Rob Marris (Wolverhampton, South-West) (Lab): The Government rightly keep banging on about cutting vehicle emissions. Outside your official residence, Mr. Speaker, is where Ministers’ cars sit. In inclement weather, the drivers sit there with the motors running, presumably to keep warm. When it is hot, they also sit there with the motors running, presumably to keep the air conditioning on. Yet there are serried ranks of Toyota Prius hybrids out there, run by Ministers to cut emissions. Will my right hon. and learned Friend liaise with her colleagues and perhaps provide suitable facilities so that the drivers can have a room adjacent to that parking area and stay warm in winter and cool in summer without unnecessarily polluting the atmosphere?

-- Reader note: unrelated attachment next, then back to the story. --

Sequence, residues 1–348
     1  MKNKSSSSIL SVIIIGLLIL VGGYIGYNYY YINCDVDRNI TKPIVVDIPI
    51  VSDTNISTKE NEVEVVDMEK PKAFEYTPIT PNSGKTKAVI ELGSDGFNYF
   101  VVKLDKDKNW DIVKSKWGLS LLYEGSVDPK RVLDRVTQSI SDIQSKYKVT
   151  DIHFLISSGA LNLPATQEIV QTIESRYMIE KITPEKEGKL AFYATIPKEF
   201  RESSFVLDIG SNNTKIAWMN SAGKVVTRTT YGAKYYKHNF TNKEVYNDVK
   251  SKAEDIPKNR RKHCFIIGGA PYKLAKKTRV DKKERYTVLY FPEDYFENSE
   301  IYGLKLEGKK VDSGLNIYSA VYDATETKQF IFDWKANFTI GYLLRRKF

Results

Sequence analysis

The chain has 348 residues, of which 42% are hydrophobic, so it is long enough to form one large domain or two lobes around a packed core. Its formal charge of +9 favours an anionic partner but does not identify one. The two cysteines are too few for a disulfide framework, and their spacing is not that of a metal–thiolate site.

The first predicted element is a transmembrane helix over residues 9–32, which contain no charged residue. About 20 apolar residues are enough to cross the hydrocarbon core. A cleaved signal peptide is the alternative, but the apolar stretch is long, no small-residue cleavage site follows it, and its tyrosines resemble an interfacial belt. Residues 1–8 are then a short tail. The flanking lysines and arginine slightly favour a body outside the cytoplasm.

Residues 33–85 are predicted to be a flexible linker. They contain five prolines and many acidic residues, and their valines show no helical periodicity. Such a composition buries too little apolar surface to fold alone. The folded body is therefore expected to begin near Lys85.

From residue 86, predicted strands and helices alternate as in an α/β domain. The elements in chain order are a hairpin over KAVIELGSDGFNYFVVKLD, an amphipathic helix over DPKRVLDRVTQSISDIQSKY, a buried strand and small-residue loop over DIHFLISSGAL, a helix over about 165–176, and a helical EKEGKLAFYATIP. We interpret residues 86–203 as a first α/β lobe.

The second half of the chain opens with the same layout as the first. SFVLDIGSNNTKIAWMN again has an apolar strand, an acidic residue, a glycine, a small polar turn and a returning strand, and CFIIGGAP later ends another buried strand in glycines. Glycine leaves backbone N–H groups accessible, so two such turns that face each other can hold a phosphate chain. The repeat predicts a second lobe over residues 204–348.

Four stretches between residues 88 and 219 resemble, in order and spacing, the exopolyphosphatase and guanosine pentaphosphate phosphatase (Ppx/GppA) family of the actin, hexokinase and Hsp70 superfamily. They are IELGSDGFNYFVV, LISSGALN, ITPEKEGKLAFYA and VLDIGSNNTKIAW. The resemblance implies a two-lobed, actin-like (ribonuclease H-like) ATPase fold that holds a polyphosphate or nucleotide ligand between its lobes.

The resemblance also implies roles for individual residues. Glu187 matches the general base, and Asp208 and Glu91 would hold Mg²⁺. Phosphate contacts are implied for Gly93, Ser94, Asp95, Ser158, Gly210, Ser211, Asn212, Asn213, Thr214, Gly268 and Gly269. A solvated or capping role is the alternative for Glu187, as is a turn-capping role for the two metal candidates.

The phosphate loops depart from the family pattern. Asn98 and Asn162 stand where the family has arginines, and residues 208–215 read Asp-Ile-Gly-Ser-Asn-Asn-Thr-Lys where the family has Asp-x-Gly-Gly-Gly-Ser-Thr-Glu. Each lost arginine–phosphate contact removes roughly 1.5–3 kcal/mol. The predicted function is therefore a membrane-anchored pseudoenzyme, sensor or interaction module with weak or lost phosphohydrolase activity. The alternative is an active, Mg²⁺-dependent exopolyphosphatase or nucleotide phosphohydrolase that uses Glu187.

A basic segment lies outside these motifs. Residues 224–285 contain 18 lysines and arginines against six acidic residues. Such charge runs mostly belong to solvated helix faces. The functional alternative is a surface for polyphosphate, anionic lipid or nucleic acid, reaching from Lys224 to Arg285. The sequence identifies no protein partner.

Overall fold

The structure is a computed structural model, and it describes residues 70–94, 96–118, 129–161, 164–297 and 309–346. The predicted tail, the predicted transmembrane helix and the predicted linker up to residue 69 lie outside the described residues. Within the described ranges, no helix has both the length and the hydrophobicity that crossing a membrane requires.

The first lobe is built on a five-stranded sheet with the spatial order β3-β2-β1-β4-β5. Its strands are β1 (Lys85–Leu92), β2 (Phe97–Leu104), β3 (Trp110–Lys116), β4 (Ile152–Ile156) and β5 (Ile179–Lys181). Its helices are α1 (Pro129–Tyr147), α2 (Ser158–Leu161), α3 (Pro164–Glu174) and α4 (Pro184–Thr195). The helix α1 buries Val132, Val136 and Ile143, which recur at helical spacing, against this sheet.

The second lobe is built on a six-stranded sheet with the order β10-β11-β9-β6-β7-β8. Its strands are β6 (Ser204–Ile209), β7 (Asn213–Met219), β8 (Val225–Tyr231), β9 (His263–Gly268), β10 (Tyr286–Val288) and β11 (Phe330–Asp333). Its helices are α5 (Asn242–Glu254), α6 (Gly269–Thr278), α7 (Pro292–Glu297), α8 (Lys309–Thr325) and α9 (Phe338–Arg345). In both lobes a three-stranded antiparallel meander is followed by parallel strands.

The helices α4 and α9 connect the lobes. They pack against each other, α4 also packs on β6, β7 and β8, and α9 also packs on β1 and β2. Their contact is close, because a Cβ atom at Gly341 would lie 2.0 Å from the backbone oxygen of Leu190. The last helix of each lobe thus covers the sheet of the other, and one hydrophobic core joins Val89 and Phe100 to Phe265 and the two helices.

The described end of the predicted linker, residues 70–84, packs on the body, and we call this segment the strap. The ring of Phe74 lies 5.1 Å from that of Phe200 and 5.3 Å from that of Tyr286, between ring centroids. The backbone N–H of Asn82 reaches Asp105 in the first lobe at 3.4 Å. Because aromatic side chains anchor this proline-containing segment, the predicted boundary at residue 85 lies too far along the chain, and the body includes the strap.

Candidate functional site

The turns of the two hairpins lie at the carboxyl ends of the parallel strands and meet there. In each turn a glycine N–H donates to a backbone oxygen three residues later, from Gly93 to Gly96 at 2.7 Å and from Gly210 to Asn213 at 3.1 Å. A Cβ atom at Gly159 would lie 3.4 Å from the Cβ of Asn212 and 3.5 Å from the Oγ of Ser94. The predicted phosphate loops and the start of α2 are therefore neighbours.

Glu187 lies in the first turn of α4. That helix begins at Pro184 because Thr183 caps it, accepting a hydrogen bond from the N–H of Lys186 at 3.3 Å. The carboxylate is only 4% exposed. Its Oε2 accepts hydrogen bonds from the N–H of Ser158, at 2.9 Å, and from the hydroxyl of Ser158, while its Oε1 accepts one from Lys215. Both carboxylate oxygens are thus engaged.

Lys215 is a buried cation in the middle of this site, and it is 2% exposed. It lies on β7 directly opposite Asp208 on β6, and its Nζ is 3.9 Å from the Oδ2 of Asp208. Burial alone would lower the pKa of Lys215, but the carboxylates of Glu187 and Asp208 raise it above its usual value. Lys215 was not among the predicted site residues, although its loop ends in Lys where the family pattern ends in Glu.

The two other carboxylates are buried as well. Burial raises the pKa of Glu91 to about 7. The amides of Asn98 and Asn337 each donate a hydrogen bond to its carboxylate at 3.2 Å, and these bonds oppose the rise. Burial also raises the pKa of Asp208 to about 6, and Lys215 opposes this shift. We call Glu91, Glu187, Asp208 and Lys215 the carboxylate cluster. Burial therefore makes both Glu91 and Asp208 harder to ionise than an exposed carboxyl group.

Ms Harman: I thank my hon. Friend for his question, which I shall raise with my ministerial colleagues at the Department for Transport.

Sir Michael Spicer (West Worcestershire) (Con): When does the right hon. and learned Lady expect to receive the Baker report on MPs’ pay, and when does she expect a debate on it?